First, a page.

Methods of Making Increase Colonies
Methods of Making Increase Colonies
by John Connor
My first beekeeping book, Increase Essentials, was first published in 2006. A great deal has happened since then. Colony Collapse Disorder appeared. Many beekeepers moved away from package bees to increase nucleus production, and developed a wide array of amazing methods to make increase nuclei. Many routinely winter these colonies with different levels of success. So, as we work to produce a second edition of Increase Essentials, we will put both new and updated materials out to the thousands of people who have purchased the book. For them, I hope that they will see it as an upgrade, and for those who have not read the book, I hope it will incentivize them to read it. In this issue we continue the discussion about making increase nuclei.Nuclei to mate and hold queens.
Make up small nuclei if you plan to produce, mate and hold queens during the season. The key is to keep these nuclei small all summer, allowing each successive queen to fill the brood nest with eggs before she is moved to another hive or sold. I recommend using three to five-frame deep or medium Langstroth frames so you do not have unique sized frames and boxes in your operation. A ten-frame hive may be divided into two or three mating units and an eight-frame hive may be divided into two sections. Such colonies require special management so they do not become too strong and promote swarming—remove extra frames of brood and bees and add them to mating nuclei that have had a queen failure or any colonies that are weak. Or use extra frames of brood to boost honey production colonies just before the nectar flow. If you mate and store laying queens in these units, you will be able to requeen hives used for honey production at any time without being forced to order queens on a rush basis. Here are some simple steps to establish these colonies:
Select one brood frame. Go to one of the colonies you have selected and managed for increase colony production. Find a frame of brood that is sealed, ideally with young adult bees emerging from the center of the brood cluster. This ensures you will have the stronger nucleus with and increasing number of young bees.
Check for queens. Carefully examine this frame for a queen bee. Your records may indicate that the queen is clipped and marked, but 10 to 20 percent of all spring colonies have two queens (mother and daughter) existing side by side. So even if you have found a marked queen in a colony, continue to check the frame for another queen! A second set of eyes is very helpful while making nuclei colonies.
Move the frame to a prepared nucleus box: There are wood, plastic, and cardboard versions of nucleus boxes. You may divide a ten-frame hive body into two sections by using a thin plywood or Masonite™ sheet as a divider. The double five-frame nucleus allows the two colonies to share heat and build up better.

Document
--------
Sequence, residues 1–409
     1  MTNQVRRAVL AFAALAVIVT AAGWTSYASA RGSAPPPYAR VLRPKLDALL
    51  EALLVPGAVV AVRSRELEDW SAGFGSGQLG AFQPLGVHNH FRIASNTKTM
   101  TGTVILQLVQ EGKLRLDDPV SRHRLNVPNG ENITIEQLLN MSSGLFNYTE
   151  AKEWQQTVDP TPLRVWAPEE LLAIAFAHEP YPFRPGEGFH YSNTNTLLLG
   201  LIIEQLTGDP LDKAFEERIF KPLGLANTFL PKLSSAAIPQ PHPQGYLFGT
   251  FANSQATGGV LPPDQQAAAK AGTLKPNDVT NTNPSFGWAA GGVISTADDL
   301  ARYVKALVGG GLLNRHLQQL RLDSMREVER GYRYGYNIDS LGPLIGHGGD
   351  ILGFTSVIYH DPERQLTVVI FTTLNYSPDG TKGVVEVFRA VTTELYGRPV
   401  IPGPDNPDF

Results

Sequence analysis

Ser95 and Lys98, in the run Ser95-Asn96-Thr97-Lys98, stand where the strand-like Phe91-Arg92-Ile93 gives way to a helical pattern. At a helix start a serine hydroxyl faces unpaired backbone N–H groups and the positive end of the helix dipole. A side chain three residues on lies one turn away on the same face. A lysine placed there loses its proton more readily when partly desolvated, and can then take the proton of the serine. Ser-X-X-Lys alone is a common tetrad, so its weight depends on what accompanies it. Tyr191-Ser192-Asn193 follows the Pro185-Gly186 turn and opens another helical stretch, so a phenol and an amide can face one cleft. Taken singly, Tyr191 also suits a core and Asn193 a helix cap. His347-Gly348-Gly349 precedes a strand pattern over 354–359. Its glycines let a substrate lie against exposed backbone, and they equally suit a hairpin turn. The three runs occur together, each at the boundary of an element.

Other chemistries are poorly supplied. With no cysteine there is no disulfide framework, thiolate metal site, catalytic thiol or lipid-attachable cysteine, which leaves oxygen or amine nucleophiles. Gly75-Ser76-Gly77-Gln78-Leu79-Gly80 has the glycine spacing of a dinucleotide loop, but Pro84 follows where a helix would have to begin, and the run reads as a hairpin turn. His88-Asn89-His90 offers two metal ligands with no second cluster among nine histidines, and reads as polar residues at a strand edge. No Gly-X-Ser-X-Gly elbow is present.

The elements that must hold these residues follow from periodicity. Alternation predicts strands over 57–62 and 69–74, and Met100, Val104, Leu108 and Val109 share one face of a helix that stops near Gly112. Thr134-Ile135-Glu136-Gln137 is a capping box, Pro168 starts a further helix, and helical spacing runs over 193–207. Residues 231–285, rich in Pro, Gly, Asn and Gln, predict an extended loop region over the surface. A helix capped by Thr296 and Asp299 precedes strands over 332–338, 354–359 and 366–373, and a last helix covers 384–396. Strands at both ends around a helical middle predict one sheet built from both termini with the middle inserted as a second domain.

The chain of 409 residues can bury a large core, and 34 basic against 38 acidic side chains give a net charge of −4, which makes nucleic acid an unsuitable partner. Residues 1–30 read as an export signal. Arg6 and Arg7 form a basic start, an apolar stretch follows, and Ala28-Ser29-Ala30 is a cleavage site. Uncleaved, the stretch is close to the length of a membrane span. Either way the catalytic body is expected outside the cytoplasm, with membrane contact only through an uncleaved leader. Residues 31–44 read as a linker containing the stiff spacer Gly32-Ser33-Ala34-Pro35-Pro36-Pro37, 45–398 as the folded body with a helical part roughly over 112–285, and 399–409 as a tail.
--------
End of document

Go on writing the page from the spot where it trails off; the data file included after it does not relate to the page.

Give each nucleus colony an entrance facing a different direction. You do not want all the entrances on the same side of the box if more than one nucleus colony is being setup inside. Place entrances at opposite sides so the bees remain separate.
Add another shake of bees. Select another brood frame covered with bees. Again, carefully check the frame for a queen. Gently shake (or brush) the bees from the frame into the nucleus box. Your objective is to cover the brood with bees. If you do not think you have enough bees, shake bees from one or two more frames to finish the job letting the older bees fly home.
Add a frame of honey and pollen. This will provide food for the young bees that emerge, and for any brood that is still unsealed. You may add the frame of honey and pollen in advance, or pull a frame from a colony in your apiary.
Add a queen. Install a purchased queen in a push-in cage or another introduction system. You may use a queen cell you have produced yourself, or purchased from a local beekeeper. Install the queen or queen cell on the brood frame so it will be covered and cared for by nurse bees. Do not let such a small nucleus produce its own queen—it may be substandard and subsequently superseded.
Add drawn combs to fill the nucleus box. Then close up the hive body.
Position the increase hive in the same apiary or in an out apiary. If you only add nurse bees, few bees will fly back to the parent hive. If you shook bees from the outer frames where foragers are located, you should expect to lose part of the bee population if left within 2 miles of the source apiary. Move new hives least 2 miles away.
Feed the increase colony. Use a division board (frame) feeder, top feeder, or a sugar syrup jar on the top of the nucleus or in a feed shell. Keep feeding for at least a month or as long as you are putting new queen cells into the colony for mating.
Reduce the entrance. Limit the entrance of the hive since small increase colonies are vulnerable to robbing by stronger hives. Use screen vent holes to avoid overheating the colony during hot weather. Protect the colony from strong winds and provide the bees with a water source.
Manage this unit. Once a mated queen has been producing eggs long enough to fill the frames with brood, she may be used to requeen another colony. Use the old queen you removed to keep this nucleus going until you are ready to replace the her. If you ....